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The Psychology of Environmentally Sustainable Behavior: Fitting Together Pieces of the Puzzle

The Psychology of Environmentally Sustainable Behavior: Fitting Together Pieces of the Puzzle This paper considers the main features of four general psychological approaches to the analysis of environmentally sustainable behavior (rational–economic, social dilemmas, attitude–behavior models, and applied behavioral analysis), and focuses on the problems inherent in applying each approach to this issue. It also details the utility of a holistic Social–Ecological Framework that I believe is useful for analyzing environmentally sustainable behavior. This approach draws on concepts from ecological psychology such as Gibson's (1979) notion of “affordances,” and shows how such a method can account for and help us understand the limitations of traditional psychological approaches to environmentally sustainable behavior, and provides a general guiding framework for the formulation of environmental policy decisions and intervention programs. http://www.deepdyve.com/assets/images/DeepDyve-Logo-lg.png Analyses of Social Issues & Public Policy Wiley

The Psychology of Environmentally Sustainable Behavior: Fitting Together Pieces of the Puzzle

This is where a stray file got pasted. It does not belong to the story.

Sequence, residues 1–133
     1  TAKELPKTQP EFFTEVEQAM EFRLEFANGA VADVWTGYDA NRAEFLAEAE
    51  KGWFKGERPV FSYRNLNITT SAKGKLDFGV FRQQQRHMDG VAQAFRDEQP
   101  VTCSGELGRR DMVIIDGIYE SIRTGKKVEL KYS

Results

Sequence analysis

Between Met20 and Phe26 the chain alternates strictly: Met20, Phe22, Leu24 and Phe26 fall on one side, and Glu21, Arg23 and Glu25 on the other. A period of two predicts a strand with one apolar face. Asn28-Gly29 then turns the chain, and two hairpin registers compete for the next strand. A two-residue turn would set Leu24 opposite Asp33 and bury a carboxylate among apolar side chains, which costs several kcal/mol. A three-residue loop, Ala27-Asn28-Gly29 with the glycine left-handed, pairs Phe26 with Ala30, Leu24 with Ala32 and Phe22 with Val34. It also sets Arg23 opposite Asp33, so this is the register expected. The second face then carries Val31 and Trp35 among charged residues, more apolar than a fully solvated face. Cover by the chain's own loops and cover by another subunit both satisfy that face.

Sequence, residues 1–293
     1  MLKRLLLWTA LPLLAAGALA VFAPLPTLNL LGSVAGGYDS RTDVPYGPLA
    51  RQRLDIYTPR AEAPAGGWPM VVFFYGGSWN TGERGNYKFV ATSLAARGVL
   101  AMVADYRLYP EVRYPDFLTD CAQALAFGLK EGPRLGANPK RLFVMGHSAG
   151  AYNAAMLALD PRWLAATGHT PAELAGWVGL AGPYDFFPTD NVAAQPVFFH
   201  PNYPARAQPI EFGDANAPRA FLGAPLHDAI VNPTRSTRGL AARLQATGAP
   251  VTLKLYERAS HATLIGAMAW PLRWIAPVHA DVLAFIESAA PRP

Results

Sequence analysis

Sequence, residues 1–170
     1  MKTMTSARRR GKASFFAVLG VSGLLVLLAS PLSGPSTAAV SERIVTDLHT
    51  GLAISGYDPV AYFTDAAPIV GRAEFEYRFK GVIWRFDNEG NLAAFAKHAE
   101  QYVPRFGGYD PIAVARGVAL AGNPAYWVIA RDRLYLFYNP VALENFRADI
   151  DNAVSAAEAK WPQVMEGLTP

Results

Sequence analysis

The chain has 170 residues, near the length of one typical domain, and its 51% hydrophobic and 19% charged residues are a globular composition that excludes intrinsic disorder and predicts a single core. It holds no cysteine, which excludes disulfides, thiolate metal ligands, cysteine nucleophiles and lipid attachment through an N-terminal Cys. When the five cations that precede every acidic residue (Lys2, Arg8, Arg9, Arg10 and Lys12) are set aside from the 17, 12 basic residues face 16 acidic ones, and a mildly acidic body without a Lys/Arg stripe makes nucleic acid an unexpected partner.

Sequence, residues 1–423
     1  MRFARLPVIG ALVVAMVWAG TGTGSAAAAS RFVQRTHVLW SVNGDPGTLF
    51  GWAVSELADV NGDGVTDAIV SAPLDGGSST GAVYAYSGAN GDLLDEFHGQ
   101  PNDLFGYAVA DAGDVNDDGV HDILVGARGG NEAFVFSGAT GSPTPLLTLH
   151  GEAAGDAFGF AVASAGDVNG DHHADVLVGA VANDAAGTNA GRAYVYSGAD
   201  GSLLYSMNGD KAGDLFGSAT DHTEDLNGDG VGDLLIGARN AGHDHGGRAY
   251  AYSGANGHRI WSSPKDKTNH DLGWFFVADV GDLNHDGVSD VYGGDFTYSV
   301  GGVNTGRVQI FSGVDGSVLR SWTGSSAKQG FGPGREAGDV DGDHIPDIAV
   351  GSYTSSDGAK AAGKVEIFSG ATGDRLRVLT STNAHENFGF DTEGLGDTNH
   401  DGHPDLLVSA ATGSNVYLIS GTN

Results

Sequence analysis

Analyses of Social Issues & Public Policy , Volume 2 (1) – Dec 1, 2002

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Publisher
Wiley
Copyright
2002 The Society for the Psychological Study of Social Issues
ISSN
1529-7489
eISSN
1530-2415
DOI
10.1111/j.1530-2415.2002.00041.x
Publisher site
See Article on Publisher Site

Abstract

This paper considers the main features of four general psychological approaches to the analysis of environmentally sustainable behavior (rational–economic, social dilemmas, attitude–behavior models, and applied behavioral analysis), and focuses on the problems inherent in applying each approach to this issue. It also details the utility of a holistic Social–Ecological Framework that I believe is useful for analyzing environmentally sustainable behavior. This approach draws on concepts from ecological psychology such as Gibson's (1979) notion of “affordances,” and shows how such a method can account for and help us understand the limitations of traditional psychological approaches to environmentally sustainable behavior, and provides a general guiding framework for the formulation of environmental policy decisions and intervention programs.

Journal

Analyses of Social Issues & Public PolicyWiley

Published: Dec 1, 2002

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